The COVID-19 vaccines were developed incredibly quickly, but no shortcuts were taken. To save time, processes were run in parallel, but the scientific testing and regulatory approvals were the same as all other vaccines used in Australia.
Before a vaccine is approved for use in Australia it must pass an approval process by the Therapeutic Goods Administration (TGA). The COVID-19 vaccines were required to meet the TGA’s same high standards of safety, quality and effectiveness as any other vaccine¹ ².
A vaccine goes through several stages before it can be approved for use – from the exploratory science, to the clinical development which includes three phases of human trials. Throughout the development of the COVID-19 vaccines there have been many checks and balances to ensure their safety. In fact, the vaccines for COVID-19 were tested with the same high scientific standards, and went through the same review process as all other vaccines ³.
Since early 2020, different groups around the world worked together to make it easier to develop and review the vaccines. This collaboration made it possible to break down barriers related to funding, manufacturing, testing and approvals .
In Australia, the TGA will only register and approve a vaccine if it is safe and effective. The TGA will look closely at the data that comes from clinical studies, non-clinical/toxicology studies, chemistry, manufacturing, risk management and other information5.
Due to the serious nature of the pandemic, the TGA looked at COVID-19 vaccine applications as a matter of priority.6 The vaccines were given provisional approval, which is a mechanism that the TGA has used since 2018 to ensure medicines that provide a major therapeutic advance for Australians could come to the market up to two years sooner while they transition to full registration. An evaluation under the provisional pathway is still a full review, and the TGA does not have a mechanism for emergency use authorisations.1, 3
Under normal circumstances, the TGA will wait until it has all information on a new vaccine before it begins its review. For COVID-19 vaccines, the TGA accepted data as it became available to avoid delays. This gave the TGA the chance to evaluate the data step-by-step, rather than waiting until the end of the process. TGA’s technical experts did not skip any stage of the review process.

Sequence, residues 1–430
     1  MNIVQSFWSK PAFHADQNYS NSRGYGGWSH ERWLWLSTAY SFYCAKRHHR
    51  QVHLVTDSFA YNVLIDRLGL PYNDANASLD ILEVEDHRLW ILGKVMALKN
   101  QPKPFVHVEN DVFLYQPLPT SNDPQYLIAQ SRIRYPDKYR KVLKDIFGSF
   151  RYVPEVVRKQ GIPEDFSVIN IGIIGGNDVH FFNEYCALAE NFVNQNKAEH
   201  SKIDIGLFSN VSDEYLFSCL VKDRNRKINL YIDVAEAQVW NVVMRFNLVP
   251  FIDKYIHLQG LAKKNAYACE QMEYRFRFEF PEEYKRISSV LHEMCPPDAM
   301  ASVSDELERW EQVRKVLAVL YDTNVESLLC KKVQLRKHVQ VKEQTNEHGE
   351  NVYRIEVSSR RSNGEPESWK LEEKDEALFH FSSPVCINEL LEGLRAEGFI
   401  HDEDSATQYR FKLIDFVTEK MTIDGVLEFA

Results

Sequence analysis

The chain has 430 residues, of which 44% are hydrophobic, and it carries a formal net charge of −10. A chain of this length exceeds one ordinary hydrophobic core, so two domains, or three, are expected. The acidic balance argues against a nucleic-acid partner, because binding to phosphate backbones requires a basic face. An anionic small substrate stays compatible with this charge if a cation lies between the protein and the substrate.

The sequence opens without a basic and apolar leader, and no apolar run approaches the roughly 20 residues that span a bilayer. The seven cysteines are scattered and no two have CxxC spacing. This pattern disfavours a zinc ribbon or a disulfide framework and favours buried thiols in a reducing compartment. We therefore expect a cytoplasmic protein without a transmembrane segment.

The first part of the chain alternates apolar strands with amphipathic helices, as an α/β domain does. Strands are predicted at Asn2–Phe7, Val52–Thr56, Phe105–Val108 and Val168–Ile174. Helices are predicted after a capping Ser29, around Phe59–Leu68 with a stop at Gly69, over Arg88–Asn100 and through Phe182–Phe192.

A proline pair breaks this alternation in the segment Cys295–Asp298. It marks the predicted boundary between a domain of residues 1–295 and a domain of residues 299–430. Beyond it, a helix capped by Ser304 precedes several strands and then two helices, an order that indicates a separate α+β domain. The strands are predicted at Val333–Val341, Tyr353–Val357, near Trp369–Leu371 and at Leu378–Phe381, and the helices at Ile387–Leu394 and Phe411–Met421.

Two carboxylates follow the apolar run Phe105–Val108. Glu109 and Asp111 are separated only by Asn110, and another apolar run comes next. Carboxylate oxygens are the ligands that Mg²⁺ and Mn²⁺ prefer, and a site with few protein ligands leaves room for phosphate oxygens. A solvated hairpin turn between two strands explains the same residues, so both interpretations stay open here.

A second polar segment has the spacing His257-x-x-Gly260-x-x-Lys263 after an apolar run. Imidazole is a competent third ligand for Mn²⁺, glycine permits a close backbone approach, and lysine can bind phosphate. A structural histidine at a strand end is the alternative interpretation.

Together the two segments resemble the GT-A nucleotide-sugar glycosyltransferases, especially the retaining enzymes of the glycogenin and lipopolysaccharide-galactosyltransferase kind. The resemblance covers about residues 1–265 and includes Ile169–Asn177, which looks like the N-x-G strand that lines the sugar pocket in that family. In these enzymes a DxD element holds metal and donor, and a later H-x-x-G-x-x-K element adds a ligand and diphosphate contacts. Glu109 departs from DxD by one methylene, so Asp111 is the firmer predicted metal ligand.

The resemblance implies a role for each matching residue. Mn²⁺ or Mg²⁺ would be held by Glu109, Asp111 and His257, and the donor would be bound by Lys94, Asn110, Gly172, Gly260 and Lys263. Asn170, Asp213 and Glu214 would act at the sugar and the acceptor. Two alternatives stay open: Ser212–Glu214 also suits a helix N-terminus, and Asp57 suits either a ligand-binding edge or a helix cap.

The TGA studied the results of clinical trials and the way they were designed and carried out. For example, the TGA looked to make sure the trials were conducted for a sufficient amount of time and with enough participants.
The TGA only made the decision to approve the vaccines once all required data relating to safety, quality and efficacy had been provided and assessed as meeting their high standards.
The assessment process applied to COVID-19 vaccines is the same as any vaccine approved in this country.7,8 The TGA did not cut any corners when assessing COVID-19 vaccines for safety, quality and effectiveness.9 No part of the process was rushed, and there was no emergency authorisation granted (as in other countries).7
The TGA also worked closely with other organisations around the world to access and share data. This includes the World Health Organisation (WHO), which assembled an external panel of experts to analyse the results from clinical trials and provide an extra layer of confidence in the COVID-19 vaccines.10 The TGA’s evaluation is also informed by the advice of the Advisory Committee on Vaccines, an independent committee of external experts.1 Collaborations such as these helped the TGA to reach its decision without compromising its strict requirements for safety, quality and effectiveness.11
The COVID-19 mRNA vaccines are the first vaccines with this new technology to be approved for use. Were they fully tested? The mRNA vaccines have been rigorously assessed for safety, and clinical trials have shown that they provide a long-lasting immune response. Dan Barouch, director of the Center for Virology and Vaccine Research at Harvard Medical School, states that the use of new vaccine technology like mRNA “has shown that the development process can be accelerated substantially without compromising on safety.”12